From Chuck Sohaskey – We spend a lot of time and effort trying to make ourselves physically stronger to run faster. It seems to me that part of racing is being able to mentally push yourself to run even though it hurts. How can we increase this mental toughness and the ability to push harder?
the Coach – I feel that this is an area that gets too little attention paid, Chuck. I know for certain that I have beaten many people in races when they were equally or better prepared physically than I was at the time. Why did I come out ahead then? I was better prepared mentally, which provided me the positive outlook and confidence I needed to beat them. And although nothing can substitute for good, hard miles on the road, trail and track, being strong mentally can give an athlete the edge when everything else is equal. I doubt anyone could argue the “toughness” of Steve Prefontaine, Lance Armstrong, Tiger Woods or Michael Jordan. Each is known for their ability to perform at a high level under extreme pressure. Each trained their minds almost as acutely as they trained their muscles.
Six-time Hawaii Ironman triathlon champion Dave Scott has said that the untapped frontiers of sports lie not in muscular training but instead in the unknown potential of our minds. So how do we tap in to our brains to gain an advantage? The following mental techniques can definitely help runners, though mastering them takes regular practice:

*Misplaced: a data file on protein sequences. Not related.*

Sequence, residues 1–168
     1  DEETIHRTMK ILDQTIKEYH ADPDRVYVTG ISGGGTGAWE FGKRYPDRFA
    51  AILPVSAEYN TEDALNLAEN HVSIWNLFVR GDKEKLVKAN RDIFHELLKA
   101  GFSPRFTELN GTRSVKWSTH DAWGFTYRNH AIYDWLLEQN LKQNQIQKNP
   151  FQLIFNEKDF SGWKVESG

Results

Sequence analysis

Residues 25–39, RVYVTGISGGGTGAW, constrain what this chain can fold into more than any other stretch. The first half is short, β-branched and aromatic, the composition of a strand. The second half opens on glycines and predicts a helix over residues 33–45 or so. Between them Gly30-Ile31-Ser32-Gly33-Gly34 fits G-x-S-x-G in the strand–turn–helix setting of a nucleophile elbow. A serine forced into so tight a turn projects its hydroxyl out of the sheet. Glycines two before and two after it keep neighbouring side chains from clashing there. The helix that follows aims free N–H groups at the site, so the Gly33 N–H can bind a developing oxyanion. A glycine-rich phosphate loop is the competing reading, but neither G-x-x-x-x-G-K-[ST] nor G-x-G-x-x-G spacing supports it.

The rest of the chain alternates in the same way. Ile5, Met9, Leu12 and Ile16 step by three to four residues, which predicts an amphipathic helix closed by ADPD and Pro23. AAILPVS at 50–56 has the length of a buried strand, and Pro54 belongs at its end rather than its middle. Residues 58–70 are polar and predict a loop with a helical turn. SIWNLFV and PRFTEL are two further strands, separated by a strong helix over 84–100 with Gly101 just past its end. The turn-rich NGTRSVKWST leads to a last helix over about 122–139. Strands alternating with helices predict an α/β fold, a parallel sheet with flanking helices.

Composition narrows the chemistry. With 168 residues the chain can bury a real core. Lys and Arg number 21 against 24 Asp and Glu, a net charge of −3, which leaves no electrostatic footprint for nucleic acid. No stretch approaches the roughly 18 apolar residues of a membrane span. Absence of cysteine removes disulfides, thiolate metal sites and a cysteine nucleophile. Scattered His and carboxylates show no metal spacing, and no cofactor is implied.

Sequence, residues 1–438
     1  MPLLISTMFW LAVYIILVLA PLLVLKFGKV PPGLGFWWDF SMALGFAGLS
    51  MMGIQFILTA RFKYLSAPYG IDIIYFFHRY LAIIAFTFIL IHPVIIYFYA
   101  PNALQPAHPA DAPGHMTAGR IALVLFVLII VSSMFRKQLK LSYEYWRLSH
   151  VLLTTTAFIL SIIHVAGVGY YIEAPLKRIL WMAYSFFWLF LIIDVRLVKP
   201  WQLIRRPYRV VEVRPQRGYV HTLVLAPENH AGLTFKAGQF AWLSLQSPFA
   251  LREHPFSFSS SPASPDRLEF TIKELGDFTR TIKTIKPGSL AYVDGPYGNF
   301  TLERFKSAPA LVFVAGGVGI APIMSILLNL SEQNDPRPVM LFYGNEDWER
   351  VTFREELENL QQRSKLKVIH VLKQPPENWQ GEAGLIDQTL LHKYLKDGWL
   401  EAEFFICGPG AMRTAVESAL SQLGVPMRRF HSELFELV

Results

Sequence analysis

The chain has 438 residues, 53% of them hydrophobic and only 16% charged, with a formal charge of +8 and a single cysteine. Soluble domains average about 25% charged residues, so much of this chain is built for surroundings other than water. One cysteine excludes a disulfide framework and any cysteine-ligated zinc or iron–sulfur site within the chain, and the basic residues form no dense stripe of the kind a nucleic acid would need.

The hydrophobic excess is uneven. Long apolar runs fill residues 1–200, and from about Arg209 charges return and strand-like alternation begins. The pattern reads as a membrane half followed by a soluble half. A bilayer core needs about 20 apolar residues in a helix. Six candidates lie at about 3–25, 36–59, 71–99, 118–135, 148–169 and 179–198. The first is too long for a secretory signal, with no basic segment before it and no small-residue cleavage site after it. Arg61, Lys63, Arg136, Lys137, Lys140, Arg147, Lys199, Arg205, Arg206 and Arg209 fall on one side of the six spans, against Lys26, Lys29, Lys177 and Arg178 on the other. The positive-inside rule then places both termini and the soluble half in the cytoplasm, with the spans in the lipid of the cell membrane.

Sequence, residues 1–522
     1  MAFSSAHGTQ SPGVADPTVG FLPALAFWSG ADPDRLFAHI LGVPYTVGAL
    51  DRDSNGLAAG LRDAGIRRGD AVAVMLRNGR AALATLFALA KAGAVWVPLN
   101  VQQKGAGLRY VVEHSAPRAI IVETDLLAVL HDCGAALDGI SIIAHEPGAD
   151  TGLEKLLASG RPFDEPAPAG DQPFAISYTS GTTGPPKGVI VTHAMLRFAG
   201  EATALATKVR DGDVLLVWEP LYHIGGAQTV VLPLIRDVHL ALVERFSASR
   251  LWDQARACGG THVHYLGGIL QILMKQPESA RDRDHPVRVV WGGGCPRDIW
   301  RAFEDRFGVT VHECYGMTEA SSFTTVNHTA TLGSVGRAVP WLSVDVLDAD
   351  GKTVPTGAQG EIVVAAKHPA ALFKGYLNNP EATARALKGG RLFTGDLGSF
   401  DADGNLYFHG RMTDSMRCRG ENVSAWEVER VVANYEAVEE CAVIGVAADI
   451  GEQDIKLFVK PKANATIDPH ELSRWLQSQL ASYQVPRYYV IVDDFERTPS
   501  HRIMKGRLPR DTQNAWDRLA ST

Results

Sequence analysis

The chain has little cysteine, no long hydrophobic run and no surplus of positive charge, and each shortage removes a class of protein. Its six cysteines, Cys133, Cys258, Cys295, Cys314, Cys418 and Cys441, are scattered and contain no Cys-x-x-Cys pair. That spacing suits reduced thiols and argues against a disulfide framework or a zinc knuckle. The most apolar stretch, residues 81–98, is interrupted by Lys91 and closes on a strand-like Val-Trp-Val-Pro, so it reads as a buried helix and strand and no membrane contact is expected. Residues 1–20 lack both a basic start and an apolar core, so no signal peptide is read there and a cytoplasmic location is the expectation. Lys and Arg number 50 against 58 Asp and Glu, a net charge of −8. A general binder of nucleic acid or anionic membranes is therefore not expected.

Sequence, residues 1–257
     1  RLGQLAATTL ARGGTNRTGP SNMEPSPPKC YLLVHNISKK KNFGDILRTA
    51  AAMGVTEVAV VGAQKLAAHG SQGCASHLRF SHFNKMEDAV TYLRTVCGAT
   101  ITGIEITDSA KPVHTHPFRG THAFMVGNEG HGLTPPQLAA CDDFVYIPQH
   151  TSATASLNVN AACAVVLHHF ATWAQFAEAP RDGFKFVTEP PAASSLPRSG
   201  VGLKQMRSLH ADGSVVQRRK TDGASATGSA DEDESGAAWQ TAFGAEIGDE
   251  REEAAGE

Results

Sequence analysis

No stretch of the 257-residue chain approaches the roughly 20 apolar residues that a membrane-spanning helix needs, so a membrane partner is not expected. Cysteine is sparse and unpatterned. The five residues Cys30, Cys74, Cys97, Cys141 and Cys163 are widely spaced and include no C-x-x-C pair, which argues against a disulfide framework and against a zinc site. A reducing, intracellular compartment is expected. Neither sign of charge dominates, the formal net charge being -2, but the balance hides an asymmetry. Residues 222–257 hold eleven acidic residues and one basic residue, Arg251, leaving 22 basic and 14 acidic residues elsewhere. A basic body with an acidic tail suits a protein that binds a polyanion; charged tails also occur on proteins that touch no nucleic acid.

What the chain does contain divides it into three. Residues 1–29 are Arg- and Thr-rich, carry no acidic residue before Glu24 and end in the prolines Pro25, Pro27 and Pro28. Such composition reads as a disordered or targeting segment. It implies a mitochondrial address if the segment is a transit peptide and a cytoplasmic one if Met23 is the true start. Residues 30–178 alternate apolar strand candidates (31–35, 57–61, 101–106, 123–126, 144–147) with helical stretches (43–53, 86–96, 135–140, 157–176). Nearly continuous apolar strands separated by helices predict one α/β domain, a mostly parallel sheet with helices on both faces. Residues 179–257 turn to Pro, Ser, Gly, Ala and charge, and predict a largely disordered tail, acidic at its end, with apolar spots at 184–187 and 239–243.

Visualization – involves mentally rehearsing positive outcomes of future events. For example, before bed time pick a quiet spot to close your eyes, relax and envision an upcoming race. In your minds eye, picture the crowds of people, the starting line, running strong and effortlessly, the changes in the course, overcoming potential obstacles and crossing the finish line. The more vivid the visualization, the more prepared you will be.
Positive Self-Talk – is the “internal dialog” which goes through a person’s mind. When running or racing, you may “tell” yourself that you are hot, tired and just don’t follows: “Well, the result may not be what I expected, but the race was a difficult training session which will make me even more fit for the next one.”
The bottom line? Train your brain along with your body to produce confidence and success!
Some ideas and information for this response were obtained from articles on www.runquick.com and www.competitor.com.